Competing interests

The author(s) declare that they have no competing interests.

Authors' contributions

ZJL and CHC contributed equally to this manuscript. All authors read and approved the final manuscript.

Acknowledgements

The authors would like to thank the financial support from the Downstream Development Seed Fund, The Chinese University of Hong Kong and the Research Fund for the Control of Infectious Diseases, Food and Health Bureau, Hong Kong.

This article has been published as part of Journal of Translational Medicine Volume 10 Supplement 1, 2012: Selected articles from the Organisation for Oncology and Translational Research (OOTR) 7th Annual Conference. The full contents of the supplement are available online at http://www.translational-medicine.com/supplements/10/S1.

References

  1. Weissleder R: Molecular imaging in cancer.

    Science 2006, 312(5777):1168-1171. PubMed Abstract | Publisher Full Text OpenURL

  2. Pomper MG: Translational molecular imaging for cancer.

    Cancer Imaging 2005, 5(Spec No A):S16-26. PubMed Abstract | Publisher Full Text | PubMed Central Full Text OpenURL

  3. Liu G, Swierczewska M, Niu G, Zhang X, Chen X: Molecular imaging of cell-based cancer immunotherapy.

    Mol Biosyst 2011, 7(4):993-1003. PubMed Abstract | Publisher Full Text | PubMed Central Full Text OpenURL

  4. Sun X, Niu G, Yan Y, Yang M, Chen K, Ma Y, Chan N, Shen B, Chen X: Phage display-derived peptides for osteosarcoma imaging.

    Clin Cancer Res 2010, 16(16):4268-4277. PubMed Abstract | Publisher Full Text | PubMed Central Full Text OpenURL

  5. Brown KC: Peptidic tumor targeting agents: the road from phage display peptide selections to clinical applications.

    Curr Pharm Des 2010, 16(9):1040-1054. PubMed Abstract | Publisher Full Text OpenURL

  6. Deutscher SL: Phage display in molecular imaging and diagnosis of cancer.

    Chem Rev 2010, 110(5):3196-3211. PubMed Abstract | Publisher Full Text | PubMed Central Full Text OpenURL

  7. Lu RM, Chang YL, Chen MS, Wu HC: Single chain anti-c-Met antibody conjugated nanoparticles for in vivo tumor-targeted imaging and drug delivery.

    Biomaterials 2011, 32(12):3265-3274. PubMed Abstract | Publisher Full Text OpenURL

  8. Mancuso A, Sternberg CN: Colorectal cancer and antiangiogenic therapy: what can be expected in clinical practice?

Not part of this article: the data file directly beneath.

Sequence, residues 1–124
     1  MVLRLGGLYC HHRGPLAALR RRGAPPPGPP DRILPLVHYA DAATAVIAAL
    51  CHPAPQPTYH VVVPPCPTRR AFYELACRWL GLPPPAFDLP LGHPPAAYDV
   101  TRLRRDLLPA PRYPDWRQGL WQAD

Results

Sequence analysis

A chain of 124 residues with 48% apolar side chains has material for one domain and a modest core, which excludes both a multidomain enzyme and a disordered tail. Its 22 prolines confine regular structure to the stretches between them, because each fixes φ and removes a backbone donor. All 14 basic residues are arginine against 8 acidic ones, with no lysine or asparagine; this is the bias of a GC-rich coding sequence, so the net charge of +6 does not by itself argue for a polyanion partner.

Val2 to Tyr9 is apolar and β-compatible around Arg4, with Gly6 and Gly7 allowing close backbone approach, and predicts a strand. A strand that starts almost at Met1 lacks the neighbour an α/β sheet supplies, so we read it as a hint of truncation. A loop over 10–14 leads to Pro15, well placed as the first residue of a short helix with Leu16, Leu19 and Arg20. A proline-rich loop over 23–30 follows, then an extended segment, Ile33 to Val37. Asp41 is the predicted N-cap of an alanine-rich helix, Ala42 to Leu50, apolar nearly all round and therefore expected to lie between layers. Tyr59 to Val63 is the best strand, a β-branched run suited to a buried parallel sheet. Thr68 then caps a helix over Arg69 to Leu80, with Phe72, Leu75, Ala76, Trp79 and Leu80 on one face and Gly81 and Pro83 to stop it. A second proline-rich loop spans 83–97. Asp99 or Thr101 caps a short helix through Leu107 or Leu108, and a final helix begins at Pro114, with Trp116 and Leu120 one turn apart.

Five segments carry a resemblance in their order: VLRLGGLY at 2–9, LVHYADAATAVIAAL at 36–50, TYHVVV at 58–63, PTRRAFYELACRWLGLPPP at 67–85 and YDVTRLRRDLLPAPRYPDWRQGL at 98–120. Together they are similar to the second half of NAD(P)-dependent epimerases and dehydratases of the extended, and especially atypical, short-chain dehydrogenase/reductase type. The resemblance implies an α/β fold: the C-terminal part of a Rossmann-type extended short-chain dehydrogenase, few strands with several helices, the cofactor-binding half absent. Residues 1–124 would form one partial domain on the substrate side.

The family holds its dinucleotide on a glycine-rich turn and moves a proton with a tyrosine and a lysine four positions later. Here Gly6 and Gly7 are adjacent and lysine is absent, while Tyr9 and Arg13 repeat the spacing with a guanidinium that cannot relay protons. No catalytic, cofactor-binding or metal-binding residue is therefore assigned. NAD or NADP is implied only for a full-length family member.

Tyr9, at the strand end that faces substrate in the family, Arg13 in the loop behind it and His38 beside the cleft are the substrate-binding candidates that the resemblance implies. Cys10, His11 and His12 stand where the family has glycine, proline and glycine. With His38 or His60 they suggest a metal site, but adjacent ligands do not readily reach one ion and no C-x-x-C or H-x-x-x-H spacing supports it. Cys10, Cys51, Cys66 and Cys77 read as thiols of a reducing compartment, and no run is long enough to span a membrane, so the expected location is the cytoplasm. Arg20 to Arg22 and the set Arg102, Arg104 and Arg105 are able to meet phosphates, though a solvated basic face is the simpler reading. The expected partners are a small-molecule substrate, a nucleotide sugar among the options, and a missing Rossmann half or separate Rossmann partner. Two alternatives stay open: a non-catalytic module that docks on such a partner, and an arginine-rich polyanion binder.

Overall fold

Crit Rev Oncol Hematol 2005, 55(1):67-81. PubMed Abstract | Publisher Full Text OpenURL

  9. Trail PA, King HD, Dubowchik GM: Monoclonal antibody drug immunoconjugates for targeted treatment of cancer.

    Cancer Immunol Immunother 2003, 52(5):328-337. PubMed Abstract | Publisher Full Text OpenURL

  10. Adams GP, Weiner LM: Monoclonal antibody therapy of cancer.

    Nat Biotechnol 2005, 23(9):1147-1157. PubMed Abstract | Publisher Full Text OpenURL

  11. Li ZJ, Cho CH: Development of peptides as potential drugs for cancer therapy.

    Curr Pharm Des 2010, 16(10):1180-1189. PubMed Abstract | Publisher Full Text OpenURL

  12. Lee S, Xie J, Chen X: Peptide-based probes for targeted molecular imaging.

    Biochemistry 2010, 49(7):1364-1376. PubMed Abstract | Publisher Full Text | PubMed Central Full Text OpenURL

  13. Pasqualini R, Ruoslahti E: Organ targeting in vivo using phage display peptide libraries.

    Nature 1996, 380(6572):364-366. PubMed Abstract | Publisher Full Text OpenURL

  14. Barry MA, Dower WJ, Johnston SA: Toward cell-targeting gene therapy vectors: selection of cell-binding peptides from random peptide-presenting phage libraries.

    Nat Med 1996, 2(3):299-305. PubMed Abstract | Publisher Full Text OpenURL

  15. Christianson DR, Ozawa MG, Pasqualini R, Arap W: Techniques to decipher molecular diversity by phage display.

    Methods Mol Biol 2007, 357:385-406. PubMed Abstract | Publisher Full Text OpenURL

  16. Pasqualini R, Moeller BJ, Arap W: Leveraging molecular heterogeneity of the vascular endothelium for targeted drug delivery and imaging.

    Semin Thromb Hemost 2010, 36(3):343-351. PubMed Abstract | Publisher Full Text OpenURL

  17. Kolonin MG, Bover L, Sun J, Zurita AJ, Do KA, Lahdenranta J, Cardo-Vila M, Giordano RJ, Jaalouk DE, Ozawa MG, Moya CA, et al.: Ligand-directed surface profiling of human cancer cells with combinatorial peptide libraries.

    Cancer Res 2006, 66(1):34-40. PubMed Abstract | Publisher Full Text OpenURL

  18. Ruoslahti E, Bhatia SN, Sailor MJ: Targeting of drugs and nanoparticles to tumors.

    J Cell Biol 2010, 188(6):759-768. PubMed Abstract | Publisher Full Text | PubMed Central Full Text OpenURL

  19. Li ZJ, Wu WK, Ng SS, Yu L, Li HT, Wong CC, Wu YC, Zhang L, Ren SX, Sun XG, Chan KM, et al.: A novel peptide specifically targeting the vasculature of orthotopic colorectal cancer for imaging detection and drug delivery.

    J Control Release 2010, 148(3):292-302. PubMed Abstract | Publisher Full Text OpenURL

  20. Ullah MF: Cancer multidrug resistance (MDR): a major impediment to effective chemotherapy.